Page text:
Meanwhile, FDA revokes its emergency approval of Hydroxychloroquine as the trends in new infections show some good news.
One of the observations that came out about Wuhan Coronavirus infections is that they lead to inflammation of various tissues.
Therefore, low-dose steroid treatment has been utilized and is now hailed as a highly effective treatment for COVOD-19.
In an unexpected sign of hope amid the expanding pandemic, scientists at the University of Oxford said on Tuesday that an inexpensive and commonly available drug reduced deaths in patients with severe Covid-19, the illness caused by the coronavirus.
If the finding is borne out, the drug, a steroid called dexamethasone, would be the first treatment shown to reduce mortality in severely ill patients. Had doctors been using the drug to treat the sickest Covid-19 patients in Britain from the beginning of the pandemic, up to 5,000 deaths could have been prevented, the researchers estimated.
In severe cases, the virus directly attacks cells lining the patient’s airways and lungs. But the infection also can prompt an overwhelming immune reaction that is just as harmful. Three-quarters of hospitalized Covid-19 patients receive some form of oxygen.
The drug appears to reduce inflammation caused by the immune system, protecting the tissues. In the study, dexamethasone reduced deaths of patients on ventilators by one-third, and deaths of patients on oxygen by one-fifth.
I sure hope President Donald Trump doesn’t tout this one. Otherwise, someone will decide to treat themselves with steroids. Additionally, Food and Drug Administration bureaucrats may choose to make obtaining Dexamethasone for treatment difficult, as they are currently doing with Hydroxychloroquine.
The Food and Drug Administration rescinded the emergency use authorization for hydroxychloroquine to treat hospitalized COVID-19 patients on Monday, saying the drug carries too many risks without any apparent benefit.
The authorization was first issued in March, and applied to patients hospitalized with the illness and those in clinical trials. In April, the FDA warned doctors against prescribing the drug to COVID-19 patients outside of those settings. Monday’s action will not affect clinical trials, which are expected to continue.
The announcement covers both hydroxychloroquine and a related compound, chloroquine phosphate.
I thought it might be an excellent time to step back and look at trends now, given that many states have reopened (at least partially), and the press is trying to gin-up fears of a second wave. The dreaded “rise in new cases” being reported is not quite what it seems:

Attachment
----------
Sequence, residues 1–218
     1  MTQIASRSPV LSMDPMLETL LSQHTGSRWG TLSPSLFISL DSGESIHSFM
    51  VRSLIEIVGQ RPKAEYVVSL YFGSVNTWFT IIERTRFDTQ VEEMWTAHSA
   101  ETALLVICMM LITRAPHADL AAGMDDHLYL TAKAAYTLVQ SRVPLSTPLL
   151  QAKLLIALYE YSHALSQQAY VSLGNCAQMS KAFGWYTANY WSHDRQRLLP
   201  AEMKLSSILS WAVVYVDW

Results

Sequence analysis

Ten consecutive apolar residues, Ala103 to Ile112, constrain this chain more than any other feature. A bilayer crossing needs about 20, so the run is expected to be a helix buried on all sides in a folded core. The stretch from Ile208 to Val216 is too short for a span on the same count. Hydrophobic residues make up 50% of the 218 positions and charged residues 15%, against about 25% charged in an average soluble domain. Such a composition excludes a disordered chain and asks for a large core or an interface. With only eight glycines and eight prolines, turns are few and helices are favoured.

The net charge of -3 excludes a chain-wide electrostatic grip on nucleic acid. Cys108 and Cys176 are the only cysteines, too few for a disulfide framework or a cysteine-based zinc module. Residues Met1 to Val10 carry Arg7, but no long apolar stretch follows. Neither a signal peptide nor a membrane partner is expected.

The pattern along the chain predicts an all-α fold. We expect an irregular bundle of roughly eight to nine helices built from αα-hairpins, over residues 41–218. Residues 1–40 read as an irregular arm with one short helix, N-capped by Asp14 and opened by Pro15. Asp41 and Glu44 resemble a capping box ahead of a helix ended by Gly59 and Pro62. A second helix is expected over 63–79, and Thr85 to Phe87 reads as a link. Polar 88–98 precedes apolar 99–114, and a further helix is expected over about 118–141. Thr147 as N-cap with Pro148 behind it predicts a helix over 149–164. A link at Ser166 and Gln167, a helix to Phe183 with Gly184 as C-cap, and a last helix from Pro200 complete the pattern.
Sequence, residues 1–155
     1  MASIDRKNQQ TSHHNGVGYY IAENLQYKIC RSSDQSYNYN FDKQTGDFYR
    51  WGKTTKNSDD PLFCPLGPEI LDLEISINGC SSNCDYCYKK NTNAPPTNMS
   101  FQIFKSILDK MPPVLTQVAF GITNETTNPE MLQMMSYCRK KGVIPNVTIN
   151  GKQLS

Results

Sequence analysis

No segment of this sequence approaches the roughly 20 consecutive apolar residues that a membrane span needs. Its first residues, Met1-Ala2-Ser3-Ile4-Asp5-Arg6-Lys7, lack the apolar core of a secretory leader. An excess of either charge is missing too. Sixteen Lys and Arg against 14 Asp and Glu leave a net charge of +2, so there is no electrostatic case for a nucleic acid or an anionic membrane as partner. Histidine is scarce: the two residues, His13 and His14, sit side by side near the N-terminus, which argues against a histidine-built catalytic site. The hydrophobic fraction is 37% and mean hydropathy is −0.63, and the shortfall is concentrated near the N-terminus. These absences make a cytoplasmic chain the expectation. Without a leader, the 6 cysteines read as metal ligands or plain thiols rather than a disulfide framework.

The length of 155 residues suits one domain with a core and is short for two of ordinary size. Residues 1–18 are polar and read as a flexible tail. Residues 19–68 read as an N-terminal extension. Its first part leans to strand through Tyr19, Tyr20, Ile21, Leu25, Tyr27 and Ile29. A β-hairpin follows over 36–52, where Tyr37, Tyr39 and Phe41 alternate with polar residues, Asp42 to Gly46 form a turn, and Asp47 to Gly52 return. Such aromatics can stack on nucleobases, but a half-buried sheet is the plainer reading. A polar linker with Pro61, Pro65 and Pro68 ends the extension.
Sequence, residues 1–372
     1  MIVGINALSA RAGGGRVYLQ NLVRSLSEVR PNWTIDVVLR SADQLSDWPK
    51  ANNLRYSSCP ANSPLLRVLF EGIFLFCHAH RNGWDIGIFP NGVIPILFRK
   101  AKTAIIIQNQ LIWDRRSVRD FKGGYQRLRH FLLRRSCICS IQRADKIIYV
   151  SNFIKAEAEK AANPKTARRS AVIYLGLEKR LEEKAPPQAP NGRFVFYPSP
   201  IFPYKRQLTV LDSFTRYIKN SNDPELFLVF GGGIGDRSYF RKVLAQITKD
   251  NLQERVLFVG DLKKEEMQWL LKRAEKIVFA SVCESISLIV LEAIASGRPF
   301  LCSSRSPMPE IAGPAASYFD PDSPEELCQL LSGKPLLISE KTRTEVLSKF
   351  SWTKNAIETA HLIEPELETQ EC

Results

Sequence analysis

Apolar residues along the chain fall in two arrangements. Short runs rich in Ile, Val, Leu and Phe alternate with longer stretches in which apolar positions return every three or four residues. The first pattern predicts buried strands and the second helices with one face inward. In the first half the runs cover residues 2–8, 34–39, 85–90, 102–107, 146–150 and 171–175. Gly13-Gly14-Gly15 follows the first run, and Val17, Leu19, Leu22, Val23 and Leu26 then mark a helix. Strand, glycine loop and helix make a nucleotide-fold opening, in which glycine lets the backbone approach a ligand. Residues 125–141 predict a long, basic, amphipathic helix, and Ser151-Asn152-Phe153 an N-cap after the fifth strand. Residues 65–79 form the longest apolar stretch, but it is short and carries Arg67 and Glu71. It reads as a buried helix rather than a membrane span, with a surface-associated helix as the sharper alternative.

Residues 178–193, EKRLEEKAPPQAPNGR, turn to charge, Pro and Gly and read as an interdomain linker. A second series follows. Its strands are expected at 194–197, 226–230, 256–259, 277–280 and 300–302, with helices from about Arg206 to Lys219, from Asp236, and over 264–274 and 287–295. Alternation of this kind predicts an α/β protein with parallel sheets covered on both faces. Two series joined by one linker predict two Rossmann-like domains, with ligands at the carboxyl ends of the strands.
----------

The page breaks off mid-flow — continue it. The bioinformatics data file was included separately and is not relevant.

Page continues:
The average number of daily new cases has been steadily declining since early April; the average daily deaths, meanwhile, peaked in mid-April and have been dropping ever since.
The number of daily cases has shown a slower decline than that of deaths, though much of that may have to do with the number of tests the United States is conducting: since early May the country has recorded anywhere from 300,000 to well over 500,000 new tests per day.
And stories about the “rise in hospitalizations” is based on an incomplete picture as well.
…[A]ccording to the state’s coronavirus dashboard, the number of COVID-19 hospitalizations in Texas has only increased by around 230 over that time, nowhere near enough to account for the increase in total hospitalizations over the past six weeks.
A likelier explanation is that Texans have simply been going to the hospital for routine and critical procedures more often. State Gov. Greg Abbot banned elective surgeries in the state in March but began permitting them again in mid-April.
In some cases the “spikes” in hospitalizations appear significantly overstated relative to the raw numbers. Fox News this week reported that Montana was among the states that have “seen coronavirus hospitalizations rise by at least 35 percent.” Montana on its COVID-19 dashboard lists a total of seven “active hospitalizations” statewide as of Saturday afternoon.
In Florida, meanwhile, the state’s rising number of cases appear to have had little effect on the death rate there. The state’s COVID-19 dashboard displays a modestly upward trend in cases over the last thirty days next to a modestly downward trend in deaths. Cases began a marked upward trend at the beginning of June, but deaths began to sharply drop off at that point, too.
So, as the Trump rally continues to go forward this week, keep the new trends and treatments in mind as the press pushes news about “spikes.”DONATE
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